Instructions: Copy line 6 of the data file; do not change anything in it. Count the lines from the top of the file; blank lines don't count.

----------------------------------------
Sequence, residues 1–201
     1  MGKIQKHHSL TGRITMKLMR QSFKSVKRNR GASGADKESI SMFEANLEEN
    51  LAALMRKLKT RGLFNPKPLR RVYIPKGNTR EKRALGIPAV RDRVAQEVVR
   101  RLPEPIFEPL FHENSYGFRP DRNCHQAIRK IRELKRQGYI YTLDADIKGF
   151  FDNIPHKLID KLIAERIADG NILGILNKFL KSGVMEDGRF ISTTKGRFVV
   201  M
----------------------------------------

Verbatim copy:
   201  M